Authored by Office of Air Force History, U.S. Air Force
This is the third in a series of research studies-historical works that were not published for various reasons. Yet, the material contained therein was deemed to be of enduring value to Air Force members and scholars. These were minimally edited and printed in a limited edition to reach a small audience that may find them useful. We invite readers to provide feedback to the Air Force History and Museums Program.
The author, Marcelle S. Knaack, a member of the Office of Air Force History, undertook the research and writing of this book as a consultant, after she retired. Tragically, she passed away in November 1996, before she completed the manuscript. Her colleague, Bernard C. Nalty, also retired by that time, undertook to complete Ms. Knaack’s work.
At first glance, the history of the C-5A Galaxy seems to be nothing more than a compilation of contradictions. Ordered under a totally new procurement concept specifically designed to control costs, the C-5A aircraft ended up costing a small fortune. Its purchase in 1965 depended on achieving an initial operational capability no later than 1969, but the transport did not appear in South Vietnam in a truly operational capacity until August 1971. Although built by the Lockheed-Georgia Company, celebrated for its success with military transports like the C-130 Hercules and C-141 Starlifter, the C-5A program from the very start encountered serious technical problems, delays, and exorbitant cost overruns, which combined to trigger several congressional investigations.
Although the program contracted in size under the pressure of these failings, it survived congressional opposition and began to demonstrate its unique value during the last year of the Vietnam War, even though operating under weight restrictions. In October 1973, moreover, the C-5A helped provide Israel with a constant flow of supplies to ensure victory over the attacking Egyptian and Syrian armies.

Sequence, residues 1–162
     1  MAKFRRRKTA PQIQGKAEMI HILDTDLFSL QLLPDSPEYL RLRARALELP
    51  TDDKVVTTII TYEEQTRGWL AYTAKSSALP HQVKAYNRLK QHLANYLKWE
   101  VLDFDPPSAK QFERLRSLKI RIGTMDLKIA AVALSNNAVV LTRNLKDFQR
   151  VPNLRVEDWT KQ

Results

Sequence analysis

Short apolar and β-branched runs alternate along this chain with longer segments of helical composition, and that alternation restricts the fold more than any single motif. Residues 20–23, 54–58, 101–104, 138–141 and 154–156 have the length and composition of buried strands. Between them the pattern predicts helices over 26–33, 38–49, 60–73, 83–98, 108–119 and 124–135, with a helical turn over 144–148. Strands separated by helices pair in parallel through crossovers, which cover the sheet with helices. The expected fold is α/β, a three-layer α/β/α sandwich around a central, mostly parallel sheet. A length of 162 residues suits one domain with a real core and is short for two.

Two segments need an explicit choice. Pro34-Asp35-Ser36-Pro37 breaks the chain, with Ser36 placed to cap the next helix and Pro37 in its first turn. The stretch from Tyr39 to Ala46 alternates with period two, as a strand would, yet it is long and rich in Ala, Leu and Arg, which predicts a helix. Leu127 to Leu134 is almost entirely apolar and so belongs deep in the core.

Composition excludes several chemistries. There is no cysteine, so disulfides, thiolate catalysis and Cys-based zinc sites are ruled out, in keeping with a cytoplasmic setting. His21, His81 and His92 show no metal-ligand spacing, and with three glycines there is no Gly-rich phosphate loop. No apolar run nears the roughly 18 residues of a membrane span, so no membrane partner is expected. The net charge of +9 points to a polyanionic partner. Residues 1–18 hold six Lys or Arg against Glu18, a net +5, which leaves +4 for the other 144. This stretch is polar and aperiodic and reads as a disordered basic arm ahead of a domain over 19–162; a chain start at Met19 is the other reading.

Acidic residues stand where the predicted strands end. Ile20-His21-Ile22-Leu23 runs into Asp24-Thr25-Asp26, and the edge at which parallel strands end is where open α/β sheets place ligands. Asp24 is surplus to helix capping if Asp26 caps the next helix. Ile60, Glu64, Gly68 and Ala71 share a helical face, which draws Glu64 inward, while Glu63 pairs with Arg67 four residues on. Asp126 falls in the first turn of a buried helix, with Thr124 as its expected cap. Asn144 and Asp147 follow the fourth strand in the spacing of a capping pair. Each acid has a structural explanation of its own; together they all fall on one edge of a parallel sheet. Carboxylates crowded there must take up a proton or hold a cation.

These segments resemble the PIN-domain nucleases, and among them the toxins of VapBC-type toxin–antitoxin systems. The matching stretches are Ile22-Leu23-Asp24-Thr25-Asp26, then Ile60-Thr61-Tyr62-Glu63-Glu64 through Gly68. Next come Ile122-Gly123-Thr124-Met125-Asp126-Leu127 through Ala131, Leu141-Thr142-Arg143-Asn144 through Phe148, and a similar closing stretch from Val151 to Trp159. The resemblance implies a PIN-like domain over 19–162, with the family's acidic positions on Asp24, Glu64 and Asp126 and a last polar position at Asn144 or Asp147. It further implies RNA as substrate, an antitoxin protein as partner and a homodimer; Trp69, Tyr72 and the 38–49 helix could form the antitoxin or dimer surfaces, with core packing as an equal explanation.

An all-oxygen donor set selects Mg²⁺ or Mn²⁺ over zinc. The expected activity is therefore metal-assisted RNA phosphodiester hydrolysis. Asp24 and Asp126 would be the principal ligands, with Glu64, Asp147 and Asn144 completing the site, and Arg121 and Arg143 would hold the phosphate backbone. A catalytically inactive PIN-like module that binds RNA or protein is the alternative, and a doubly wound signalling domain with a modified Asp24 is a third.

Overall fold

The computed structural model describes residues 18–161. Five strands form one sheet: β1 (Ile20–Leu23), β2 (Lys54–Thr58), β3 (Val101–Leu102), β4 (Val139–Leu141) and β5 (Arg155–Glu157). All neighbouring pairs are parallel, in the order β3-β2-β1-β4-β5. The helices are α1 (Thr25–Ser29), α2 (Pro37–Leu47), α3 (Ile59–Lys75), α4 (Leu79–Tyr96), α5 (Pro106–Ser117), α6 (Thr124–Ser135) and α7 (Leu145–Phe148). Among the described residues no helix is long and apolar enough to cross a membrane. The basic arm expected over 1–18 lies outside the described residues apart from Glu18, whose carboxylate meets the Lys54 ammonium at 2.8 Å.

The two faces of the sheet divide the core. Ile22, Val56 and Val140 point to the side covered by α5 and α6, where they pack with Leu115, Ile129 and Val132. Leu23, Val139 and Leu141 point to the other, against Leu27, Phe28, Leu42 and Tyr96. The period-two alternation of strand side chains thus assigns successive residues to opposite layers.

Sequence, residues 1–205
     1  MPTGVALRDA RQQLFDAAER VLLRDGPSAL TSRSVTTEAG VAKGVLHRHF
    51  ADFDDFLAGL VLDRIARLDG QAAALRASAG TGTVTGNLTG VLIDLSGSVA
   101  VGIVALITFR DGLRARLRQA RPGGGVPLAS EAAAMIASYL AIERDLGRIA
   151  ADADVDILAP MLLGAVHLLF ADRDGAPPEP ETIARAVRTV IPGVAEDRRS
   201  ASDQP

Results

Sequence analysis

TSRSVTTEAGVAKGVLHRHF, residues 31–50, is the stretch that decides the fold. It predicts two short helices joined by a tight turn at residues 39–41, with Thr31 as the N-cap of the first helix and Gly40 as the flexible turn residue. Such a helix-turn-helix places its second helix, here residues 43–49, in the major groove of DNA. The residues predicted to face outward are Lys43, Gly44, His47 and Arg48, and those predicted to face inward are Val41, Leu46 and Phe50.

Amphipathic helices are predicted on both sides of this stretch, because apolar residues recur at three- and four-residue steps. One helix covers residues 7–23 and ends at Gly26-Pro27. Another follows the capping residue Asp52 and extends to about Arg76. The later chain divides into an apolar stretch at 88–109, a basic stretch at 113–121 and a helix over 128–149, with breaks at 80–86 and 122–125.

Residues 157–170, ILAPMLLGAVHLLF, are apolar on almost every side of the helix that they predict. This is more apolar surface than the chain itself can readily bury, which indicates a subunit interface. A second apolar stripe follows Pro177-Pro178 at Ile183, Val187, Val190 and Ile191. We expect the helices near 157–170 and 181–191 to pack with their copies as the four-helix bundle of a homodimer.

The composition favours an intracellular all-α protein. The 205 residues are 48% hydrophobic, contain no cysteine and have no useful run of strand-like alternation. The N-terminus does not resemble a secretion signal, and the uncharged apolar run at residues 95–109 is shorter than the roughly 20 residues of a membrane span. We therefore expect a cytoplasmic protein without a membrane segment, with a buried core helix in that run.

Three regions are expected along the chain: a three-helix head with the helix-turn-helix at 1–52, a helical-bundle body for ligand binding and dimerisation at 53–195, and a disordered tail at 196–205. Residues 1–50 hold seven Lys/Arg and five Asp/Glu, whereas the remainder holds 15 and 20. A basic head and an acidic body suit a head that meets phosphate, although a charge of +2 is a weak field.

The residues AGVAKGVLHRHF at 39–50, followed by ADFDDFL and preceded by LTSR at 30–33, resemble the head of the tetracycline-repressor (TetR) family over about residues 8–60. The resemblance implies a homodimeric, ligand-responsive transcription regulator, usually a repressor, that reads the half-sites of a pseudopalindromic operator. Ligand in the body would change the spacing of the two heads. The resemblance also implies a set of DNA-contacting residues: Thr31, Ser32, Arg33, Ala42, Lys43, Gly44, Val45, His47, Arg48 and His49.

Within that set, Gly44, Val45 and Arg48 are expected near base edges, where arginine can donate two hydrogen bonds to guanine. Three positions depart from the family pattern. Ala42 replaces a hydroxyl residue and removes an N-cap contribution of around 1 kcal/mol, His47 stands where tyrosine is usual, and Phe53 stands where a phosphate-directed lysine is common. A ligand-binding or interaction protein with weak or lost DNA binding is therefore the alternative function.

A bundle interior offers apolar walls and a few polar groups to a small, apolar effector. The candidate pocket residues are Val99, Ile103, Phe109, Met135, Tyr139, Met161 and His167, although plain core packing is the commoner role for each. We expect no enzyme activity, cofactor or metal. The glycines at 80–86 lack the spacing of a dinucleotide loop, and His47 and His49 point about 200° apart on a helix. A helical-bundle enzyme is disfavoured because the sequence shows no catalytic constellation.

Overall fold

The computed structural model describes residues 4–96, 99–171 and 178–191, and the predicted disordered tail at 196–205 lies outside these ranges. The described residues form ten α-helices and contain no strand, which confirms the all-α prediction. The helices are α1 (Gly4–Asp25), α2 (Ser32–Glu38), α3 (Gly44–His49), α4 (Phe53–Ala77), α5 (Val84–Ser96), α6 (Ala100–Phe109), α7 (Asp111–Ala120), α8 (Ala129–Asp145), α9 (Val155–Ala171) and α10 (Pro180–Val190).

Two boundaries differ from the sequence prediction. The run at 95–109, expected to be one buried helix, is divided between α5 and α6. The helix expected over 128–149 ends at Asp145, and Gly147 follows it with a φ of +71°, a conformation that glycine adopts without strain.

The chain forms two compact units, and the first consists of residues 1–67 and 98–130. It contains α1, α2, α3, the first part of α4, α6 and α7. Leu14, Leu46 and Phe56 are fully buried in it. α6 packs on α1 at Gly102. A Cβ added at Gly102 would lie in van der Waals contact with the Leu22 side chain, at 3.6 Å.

Into the 1980s the C-5A operated under increasingly stringent flying restrictions because the flawed wing structure deteriorated until it had to be replaced. While under these restrictions, the C-5A could carry just 174,000 pounds of cargo, roughly 100,000 pounds more than the C-141, but 46,000 pounds less than the Galaxy’s design objective. Although installation of the heavier new wing would probably prevent the airplane from ever attaining the design capacity of 220,000 pounds, the Military Airlift Command was determined to extend the service life of the C-5A because its performance remained so impressive even with a reduced load.
The improvements that strengthened the structure of the C-5A were incorporated in a new version of the Galaxy, the C-5B, for which Lockheed-Georgia reopened its production line. The modified A-model and the new C-5B did everything expected of a heavy-logistics transport during the Persian Gulf War of 1990-1991.
Mar 03 2015
1508698090 / 9781508698098
US Trade Paper
8.5″ x 11″
Black and White
History / Military / Aviation